According to Colorado Parks and Wildlife there have already been reports of bear activity in eight counties in Colorado already in 2020. Spring is here which means bears are going to be searching for food and Coloradans need to be bear aware.

Early in the season, you can expect bears to eat grass and various vegetables that are beginning to sprout. As you can expect Colorado black bears wildlife managers say bears should not be eating from any trash receptacles, bird feeders or other food sources provided by humans especially around homes.

Early bear reports have included getting into the trash at Steamboat Springs and Silver Plume, bears with livestock in Delta, a bear vs. dog encounter under a deck in Colorado Springs and others.

You can expect male bears out of hibernation first followed by females without cubs. Females, that gave birth over the winter months stay in hibernation dens until mid-to-late April.

Last year in total there were 5,369 human-bear incident reports with most of those involving trash. Obviously, Colorado Parks and Wildlife would love to see those numbers decrease this year.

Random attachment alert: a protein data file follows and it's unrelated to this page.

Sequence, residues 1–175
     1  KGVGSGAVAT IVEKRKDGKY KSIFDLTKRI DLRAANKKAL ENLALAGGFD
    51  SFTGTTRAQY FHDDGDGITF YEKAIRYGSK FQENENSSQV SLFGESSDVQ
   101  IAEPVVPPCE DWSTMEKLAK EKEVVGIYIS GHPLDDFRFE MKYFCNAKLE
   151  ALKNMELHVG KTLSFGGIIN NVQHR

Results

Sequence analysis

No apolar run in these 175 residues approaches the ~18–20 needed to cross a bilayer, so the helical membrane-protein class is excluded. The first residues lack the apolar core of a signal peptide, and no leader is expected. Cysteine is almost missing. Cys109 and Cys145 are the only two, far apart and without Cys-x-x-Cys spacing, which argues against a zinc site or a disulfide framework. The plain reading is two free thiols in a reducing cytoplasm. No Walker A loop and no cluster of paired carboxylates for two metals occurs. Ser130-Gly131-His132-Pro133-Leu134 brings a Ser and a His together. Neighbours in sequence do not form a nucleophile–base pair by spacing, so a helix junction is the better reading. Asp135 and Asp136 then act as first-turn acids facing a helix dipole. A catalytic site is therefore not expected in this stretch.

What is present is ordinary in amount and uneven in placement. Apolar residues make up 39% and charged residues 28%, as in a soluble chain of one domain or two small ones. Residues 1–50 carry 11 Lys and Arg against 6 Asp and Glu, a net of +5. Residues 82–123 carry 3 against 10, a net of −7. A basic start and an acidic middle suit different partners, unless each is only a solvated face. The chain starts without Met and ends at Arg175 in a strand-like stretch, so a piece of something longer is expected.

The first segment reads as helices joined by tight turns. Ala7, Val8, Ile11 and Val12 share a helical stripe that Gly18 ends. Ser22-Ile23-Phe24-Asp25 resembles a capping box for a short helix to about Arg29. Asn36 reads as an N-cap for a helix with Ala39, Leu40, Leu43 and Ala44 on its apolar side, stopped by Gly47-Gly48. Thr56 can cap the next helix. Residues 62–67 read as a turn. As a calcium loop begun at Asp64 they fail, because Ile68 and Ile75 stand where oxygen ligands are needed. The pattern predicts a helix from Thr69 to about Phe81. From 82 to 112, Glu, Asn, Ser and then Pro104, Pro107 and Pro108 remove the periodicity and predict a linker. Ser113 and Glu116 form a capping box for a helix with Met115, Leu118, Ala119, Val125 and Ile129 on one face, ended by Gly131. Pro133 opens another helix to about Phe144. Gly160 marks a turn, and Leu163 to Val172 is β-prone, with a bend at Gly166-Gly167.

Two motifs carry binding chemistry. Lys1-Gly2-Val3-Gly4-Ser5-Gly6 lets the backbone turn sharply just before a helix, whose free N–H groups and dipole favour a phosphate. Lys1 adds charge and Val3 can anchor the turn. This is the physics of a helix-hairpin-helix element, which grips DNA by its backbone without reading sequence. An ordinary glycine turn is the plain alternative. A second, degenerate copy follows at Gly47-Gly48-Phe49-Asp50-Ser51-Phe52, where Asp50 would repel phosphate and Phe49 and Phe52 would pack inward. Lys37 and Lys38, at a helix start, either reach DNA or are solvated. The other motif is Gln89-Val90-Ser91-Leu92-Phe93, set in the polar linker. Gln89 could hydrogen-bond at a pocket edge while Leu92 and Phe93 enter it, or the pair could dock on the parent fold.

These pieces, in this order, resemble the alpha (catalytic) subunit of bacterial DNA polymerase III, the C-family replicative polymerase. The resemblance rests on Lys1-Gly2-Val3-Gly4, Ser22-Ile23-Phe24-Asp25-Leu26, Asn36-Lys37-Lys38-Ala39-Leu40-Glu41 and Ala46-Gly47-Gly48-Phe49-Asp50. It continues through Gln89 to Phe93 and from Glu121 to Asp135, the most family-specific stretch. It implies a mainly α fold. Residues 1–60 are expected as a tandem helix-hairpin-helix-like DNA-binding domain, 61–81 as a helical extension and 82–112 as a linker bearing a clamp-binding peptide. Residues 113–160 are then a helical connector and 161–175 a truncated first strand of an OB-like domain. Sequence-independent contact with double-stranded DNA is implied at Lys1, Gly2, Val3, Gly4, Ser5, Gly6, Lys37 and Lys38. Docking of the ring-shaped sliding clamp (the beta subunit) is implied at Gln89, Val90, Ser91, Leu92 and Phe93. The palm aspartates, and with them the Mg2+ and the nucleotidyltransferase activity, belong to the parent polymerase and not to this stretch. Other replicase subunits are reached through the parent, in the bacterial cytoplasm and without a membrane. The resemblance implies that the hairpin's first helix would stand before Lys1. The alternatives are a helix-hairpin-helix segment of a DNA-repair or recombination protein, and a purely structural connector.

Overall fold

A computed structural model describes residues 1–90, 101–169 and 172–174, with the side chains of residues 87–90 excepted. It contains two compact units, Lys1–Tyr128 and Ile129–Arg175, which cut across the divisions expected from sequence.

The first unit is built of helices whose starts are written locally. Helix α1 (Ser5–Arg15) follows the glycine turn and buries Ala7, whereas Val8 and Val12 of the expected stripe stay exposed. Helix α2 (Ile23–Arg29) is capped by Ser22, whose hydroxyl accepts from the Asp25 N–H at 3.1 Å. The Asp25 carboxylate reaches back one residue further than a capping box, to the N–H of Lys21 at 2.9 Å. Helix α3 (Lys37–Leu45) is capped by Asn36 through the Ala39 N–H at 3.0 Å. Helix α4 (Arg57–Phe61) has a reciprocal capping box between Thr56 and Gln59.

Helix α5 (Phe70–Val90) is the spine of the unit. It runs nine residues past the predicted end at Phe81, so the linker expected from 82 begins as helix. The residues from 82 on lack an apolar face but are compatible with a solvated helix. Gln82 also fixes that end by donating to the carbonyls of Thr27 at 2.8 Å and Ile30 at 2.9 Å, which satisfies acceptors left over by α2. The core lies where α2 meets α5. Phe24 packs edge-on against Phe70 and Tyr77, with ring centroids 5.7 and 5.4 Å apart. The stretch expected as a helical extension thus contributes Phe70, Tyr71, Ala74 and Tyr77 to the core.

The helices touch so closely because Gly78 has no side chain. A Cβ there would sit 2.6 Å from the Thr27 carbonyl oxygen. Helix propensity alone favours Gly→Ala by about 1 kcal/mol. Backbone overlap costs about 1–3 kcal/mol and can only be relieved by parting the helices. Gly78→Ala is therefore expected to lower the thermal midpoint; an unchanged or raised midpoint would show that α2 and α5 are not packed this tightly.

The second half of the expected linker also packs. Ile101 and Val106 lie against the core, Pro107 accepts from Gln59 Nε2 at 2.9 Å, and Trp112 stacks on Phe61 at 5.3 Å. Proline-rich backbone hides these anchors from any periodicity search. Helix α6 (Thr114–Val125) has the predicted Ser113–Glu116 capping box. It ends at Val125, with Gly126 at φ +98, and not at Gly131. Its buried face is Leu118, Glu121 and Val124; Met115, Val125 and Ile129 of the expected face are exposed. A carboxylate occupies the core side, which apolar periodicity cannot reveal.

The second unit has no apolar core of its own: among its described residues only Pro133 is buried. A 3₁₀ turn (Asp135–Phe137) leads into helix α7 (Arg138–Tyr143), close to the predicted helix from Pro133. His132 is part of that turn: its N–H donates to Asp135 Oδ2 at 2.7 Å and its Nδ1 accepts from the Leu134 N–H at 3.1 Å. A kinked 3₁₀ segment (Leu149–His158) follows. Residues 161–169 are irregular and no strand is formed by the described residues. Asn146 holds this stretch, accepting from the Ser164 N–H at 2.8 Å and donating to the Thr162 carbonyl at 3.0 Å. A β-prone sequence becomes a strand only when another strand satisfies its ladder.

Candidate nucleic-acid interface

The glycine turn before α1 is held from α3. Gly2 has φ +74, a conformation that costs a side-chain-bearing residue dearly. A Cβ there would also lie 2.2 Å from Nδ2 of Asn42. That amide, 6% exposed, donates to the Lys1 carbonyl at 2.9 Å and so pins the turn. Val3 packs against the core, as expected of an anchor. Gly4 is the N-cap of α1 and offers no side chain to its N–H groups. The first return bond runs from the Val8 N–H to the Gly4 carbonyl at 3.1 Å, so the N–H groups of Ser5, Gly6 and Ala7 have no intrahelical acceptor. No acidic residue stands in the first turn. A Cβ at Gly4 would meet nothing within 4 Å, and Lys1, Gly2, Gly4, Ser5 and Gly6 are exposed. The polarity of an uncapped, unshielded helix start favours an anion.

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Here are more tips by Colorado Parks and Wildlife to prevent a human/bear conflict:

  • Keep garbage in a well-secured enclosure.
  • Only put out garbage on the morning of pickup; bring empty cans back inside before dark.
  • Use a bear-resistant trash can or dumpster. These are available online or from your trash hauler.
  • Clean all garbage cans regularly to keep them odor-free. The scent of ammonia can deter bears.
  • Takedown all bird feeders. Bird feeders are a major source of bear/human conflicts - 397 conflicts because of them in 2019 alone. Birds have naturally available food sources during the spring, summer, and fall. Don’t let your bird feeder become a bear feeder.
  • Don't leave pet food or stock feed outside – never provide food sources for any wildlife.
  • Clean all BBQ grills.
  • Keep garage doors and windows closed and locked, especially between dusk and dawn.
  • Don’t leave attractants such as snacks, food wrappers, gum, or even scented hand lotions in your car; and always lock vehicle doors.
  • Use bear boxes or bear-proof containers for food and scented items when camping.
  • Don't leave food outside while camping. If bear boxes aren't available, leave all food in the trunk of a locked vehicle as your last resort.
  • Review CPW’s Bearproofing Your Home Fact Sheet and conduct a home audit to be sure you are not attracting bears to your property.
  • Talk to your neighbors and kids about being bear aware.